Saturday, January 14, 2012

Greene King and A Brief History of British Beer: Part 2

The view from the roof at Greene King

The top of the Greene King brewery tower provides a vantage point from which one can survey all of the town and a great deal of West Suffolk itself. Rolling farmland surrounds the town and on the near horizon the towering structure of the local maltery dominates the landscape. It also serves to remind that this is prime beer making territory for both barley and hops are grown locally (the legendary hop fields of Kent are a short drive south).

The brewery has become a symbol of modern British brewing. Greene King has grown to become the largest of the British heritage brewers and inhabits a market that commands a very small but growing share of the overall beer market in Britain. Its sales are growing which is quite an achievement as the overall beer market is Britain is shrinking fairly rapidly.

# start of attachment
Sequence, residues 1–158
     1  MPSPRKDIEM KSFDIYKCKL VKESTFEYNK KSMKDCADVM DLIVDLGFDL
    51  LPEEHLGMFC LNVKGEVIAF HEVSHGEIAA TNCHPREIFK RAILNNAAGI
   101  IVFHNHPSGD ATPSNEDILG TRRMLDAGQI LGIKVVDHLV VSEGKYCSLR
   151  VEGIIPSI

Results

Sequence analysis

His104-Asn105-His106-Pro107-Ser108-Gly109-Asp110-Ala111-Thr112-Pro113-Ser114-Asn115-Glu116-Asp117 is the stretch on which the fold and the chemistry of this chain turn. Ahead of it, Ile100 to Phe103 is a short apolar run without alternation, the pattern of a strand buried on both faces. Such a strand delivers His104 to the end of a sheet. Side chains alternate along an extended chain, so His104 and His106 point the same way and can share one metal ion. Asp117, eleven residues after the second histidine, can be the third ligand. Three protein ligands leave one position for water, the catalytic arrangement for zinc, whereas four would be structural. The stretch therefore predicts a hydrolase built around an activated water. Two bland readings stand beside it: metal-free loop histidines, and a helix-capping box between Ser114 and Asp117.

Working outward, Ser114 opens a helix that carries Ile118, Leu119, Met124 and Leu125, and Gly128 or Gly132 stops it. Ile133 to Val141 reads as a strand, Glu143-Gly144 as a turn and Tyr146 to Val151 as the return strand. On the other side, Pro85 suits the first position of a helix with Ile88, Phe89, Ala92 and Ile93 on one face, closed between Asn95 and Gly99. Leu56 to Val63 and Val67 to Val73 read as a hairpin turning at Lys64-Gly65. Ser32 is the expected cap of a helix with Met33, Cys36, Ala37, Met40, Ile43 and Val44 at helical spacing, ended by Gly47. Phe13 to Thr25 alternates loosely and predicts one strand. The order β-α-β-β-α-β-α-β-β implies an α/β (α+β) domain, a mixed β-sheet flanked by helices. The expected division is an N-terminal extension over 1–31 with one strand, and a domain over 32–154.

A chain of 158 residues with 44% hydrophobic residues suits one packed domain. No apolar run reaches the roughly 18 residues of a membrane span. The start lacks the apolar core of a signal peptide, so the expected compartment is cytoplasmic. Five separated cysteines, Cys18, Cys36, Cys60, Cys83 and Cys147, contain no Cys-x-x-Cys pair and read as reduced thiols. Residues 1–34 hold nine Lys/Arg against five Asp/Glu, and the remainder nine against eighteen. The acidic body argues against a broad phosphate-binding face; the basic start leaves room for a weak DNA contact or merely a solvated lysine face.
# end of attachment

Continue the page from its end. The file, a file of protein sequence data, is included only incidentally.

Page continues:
Greene King brews ‘real’ ale – beer that has been brewed with top fermenting yeast and served via a cask that contains active yeast, which adds a subtle amount of carbonation without the addition of injected CO2. Real ale has been the subject of a concerted effort to bring back this traditional style of beer – a style that was almost completely lost as the large international lager brewers came to dominate the British beer market. How this happened is a story in itself.

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